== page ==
Let’s Get Wild

Living Magazines Wildflower meadow

Turn your garden into a veritable paradise for the birds and the bees by creating a wildflower meadow. Simple, environmentally beneficial and stunningly beautiful. 

Manicured lawns and glamorous show gardens may be all the rage these days, but nothing quite compares to the  raw, untamed beauty of wildflowers. Providing an unrestrained explosion of colour and character to your home,  wildflowers are the ideal choice for someone who craves the delights of the garden, but doesn’t have time to spend  hours cultivating their plot.

Not only is it easy to create your own little wildflower meadow, it’s also fast, meaning that any patch of land you have bare can be germinated in a matter of months. That means you could be gazing out over a carpet of poppies,  cornflowers, daisies, cowslips and bluebells as summer draws to a close.

Perennial flowers will flourish in uncultivated soil, whereas cornfield flowers will do better in richer earth. You can  buy ready-mixed seeds which will be tailored to certain variables such as soil containing heavy clay, boggy land by  the pond’s edge, or even seeds that are specifically combined to provide the maximum nourishment to bees – such pollinators include Sunflower, Borage, Evening Primrose and Corn Marigold.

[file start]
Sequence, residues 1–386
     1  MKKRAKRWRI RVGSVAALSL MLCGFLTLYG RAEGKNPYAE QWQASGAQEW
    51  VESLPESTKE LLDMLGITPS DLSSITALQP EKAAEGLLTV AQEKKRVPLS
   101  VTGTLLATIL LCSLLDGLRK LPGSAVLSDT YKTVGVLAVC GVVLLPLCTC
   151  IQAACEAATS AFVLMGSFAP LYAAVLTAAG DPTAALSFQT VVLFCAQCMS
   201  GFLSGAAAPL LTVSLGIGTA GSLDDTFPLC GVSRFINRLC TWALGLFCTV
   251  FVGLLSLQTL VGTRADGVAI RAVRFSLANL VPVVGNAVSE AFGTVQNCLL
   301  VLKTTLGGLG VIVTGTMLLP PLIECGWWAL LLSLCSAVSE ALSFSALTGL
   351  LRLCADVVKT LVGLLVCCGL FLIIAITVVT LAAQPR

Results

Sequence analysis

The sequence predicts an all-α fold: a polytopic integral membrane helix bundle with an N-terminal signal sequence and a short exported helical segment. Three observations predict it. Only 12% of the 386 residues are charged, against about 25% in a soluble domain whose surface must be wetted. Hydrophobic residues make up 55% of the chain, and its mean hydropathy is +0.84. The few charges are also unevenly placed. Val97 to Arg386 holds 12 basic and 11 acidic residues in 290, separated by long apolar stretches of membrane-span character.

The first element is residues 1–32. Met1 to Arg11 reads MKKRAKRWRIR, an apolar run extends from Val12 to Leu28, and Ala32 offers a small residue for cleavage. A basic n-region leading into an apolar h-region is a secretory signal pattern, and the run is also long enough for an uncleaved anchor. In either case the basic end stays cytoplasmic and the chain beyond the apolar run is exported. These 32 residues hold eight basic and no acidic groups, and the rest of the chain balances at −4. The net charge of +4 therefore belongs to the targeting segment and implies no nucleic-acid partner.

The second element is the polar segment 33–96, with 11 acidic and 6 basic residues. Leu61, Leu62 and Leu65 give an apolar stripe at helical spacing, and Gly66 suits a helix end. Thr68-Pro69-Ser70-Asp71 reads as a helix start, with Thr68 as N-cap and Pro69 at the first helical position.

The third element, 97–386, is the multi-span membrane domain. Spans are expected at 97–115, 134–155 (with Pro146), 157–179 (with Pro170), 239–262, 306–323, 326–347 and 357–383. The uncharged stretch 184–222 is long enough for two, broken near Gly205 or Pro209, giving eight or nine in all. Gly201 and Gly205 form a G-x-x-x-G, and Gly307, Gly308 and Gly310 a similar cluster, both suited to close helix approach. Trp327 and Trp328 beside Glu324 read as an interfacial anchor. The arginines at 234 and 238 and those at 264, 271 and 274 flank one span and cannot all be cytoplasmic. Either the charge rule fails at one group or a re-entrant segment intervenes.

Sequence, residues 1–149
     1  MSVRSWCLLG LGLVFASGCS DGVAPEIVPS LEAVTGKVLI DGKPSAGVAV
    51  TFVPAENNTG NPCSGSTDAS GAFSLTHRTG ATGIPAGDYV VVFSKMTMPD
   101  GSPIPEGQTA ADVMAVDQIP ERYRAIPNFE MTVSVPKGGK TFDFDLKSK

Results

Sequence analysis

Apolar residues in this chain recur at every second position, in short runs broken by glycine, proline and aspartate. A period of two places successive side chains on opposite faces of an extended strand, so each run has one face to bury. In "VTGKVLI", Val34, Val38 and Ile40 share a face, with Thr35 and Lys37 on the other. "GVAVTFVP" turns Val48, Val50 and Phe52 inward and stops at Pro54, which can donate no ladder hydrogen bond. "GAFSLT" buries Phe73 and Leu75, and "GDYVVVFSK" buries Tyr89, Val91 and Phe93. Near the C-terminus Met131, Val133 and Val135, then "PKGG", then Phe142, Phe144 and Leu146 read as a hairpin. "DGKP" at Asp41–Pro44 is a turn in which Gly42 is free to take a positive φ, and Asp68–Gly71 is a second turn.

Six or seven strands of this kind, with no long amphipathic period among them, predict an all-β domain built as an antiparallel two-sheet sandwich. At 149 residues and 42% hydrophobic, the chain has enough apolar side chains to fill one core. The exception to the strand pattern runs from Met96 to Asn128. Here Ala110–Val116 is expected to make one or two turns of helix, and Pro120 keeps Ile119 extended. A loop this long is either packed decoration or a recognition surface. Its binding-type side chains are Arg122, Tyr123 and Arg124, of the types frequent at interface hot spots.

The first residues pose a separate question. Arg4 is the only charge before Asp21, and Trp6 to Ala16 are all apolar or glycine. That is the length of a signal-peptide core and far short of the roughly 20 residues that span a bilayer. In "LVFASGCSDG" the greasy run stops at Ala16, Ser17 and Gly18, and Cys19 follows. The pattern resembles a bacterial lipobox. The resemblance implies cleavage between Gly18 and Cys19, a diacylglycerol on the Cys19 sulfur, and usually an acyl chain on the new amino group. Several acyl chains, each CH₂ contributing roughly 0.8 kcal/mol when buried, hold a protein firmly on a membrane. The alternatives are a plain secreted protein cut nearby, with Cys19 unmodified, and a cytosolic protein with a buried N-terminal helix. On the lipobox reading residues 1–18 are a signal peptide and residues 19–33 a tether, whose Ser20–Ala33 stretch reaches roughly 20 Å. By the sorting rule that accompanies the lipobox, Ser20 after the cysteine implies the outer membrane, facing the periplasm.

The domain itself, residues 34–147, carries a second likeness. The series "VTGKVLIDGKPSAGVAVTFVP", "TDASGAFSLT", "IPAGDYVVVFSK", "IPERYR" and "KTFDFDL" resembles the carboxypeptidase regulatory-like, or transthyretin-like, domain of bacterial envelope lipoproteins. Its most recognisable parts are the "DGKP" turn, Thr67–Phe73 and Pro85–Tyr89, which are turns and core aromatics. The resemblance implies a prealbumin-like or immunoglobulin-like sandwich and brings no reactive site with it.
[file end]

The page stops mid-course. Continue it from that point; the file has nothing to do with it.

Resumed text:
Make sure you thoroughly weed the soil before scattering your seeds – you need 1g per square metre of pure  wildflower seeds and 5g per square metre of grass and wildflower meadow seeds – and ensure the earth remains  consistently moist thereafter.

Once your meadow starts to bloom, spend the odd afternoon clearing away dead plants and weeds to allow new seeds to sow. You may also need to add more seeds the following year or two, but rest assured that once your wildflower  meadow is established it will provide you (and the humble bumble bees) joy for years to come.

Must-have wildflowers for your garden


Forget-me-notSuitably unforgettable, this lovely lilac biennial bloom not only adds a spray of colour to your lawn, but it also  attracts various pollinators, and its leaves are eaten by the caterpillars of several moth species bringing an abundance of insect life to your garden.

Hemp Agrimony

This noble native perennial looks rather striking when grown amid other more colourful wildflower varieties.  Preferring the shade, it grows tall and untamed and provides a delectable nectar for butterflies.

Ox-eye Daisies

Nothing says ‘British summer has arrived’ quite like the daisy. Tall and gracious, these white and yellow beauties are  easy to grow – they thrive in the sun – though they can also overwhelm a plot if not kept in check.


Native to mountain meadows and woodland in Europe, the blue cornflower is a favourite. The variety ‘Purple Heart’  has brilliant white flowers with deep purple stamens that bees, unsurprisingly, find irresistible.

Common Knapweed

Common KnapweedDespite its name, there is nothing common about this charming thistle. Though some may view it as a pest, it  nonetheless brings its own rugged loveliness to your wildflower crop and also will provide food for birds if seed  heads are left over winter.


HoneysuckleWhat flowerbed is complete without a smattering of Honeysuckle? With its vibrant white, pink and yellow petals and unusually long tendrils, one might be forgiven for thinking this a flower from another planet, but this fragrant bloom is as British and as iconic as they come.


Another ubiquitous garden dweller is the Foxglove. Bright, abundant and beautiful with its tubular purple flowers,  these are ideal for the back of your miniature flower meadow as they grow tall and regal attracting many a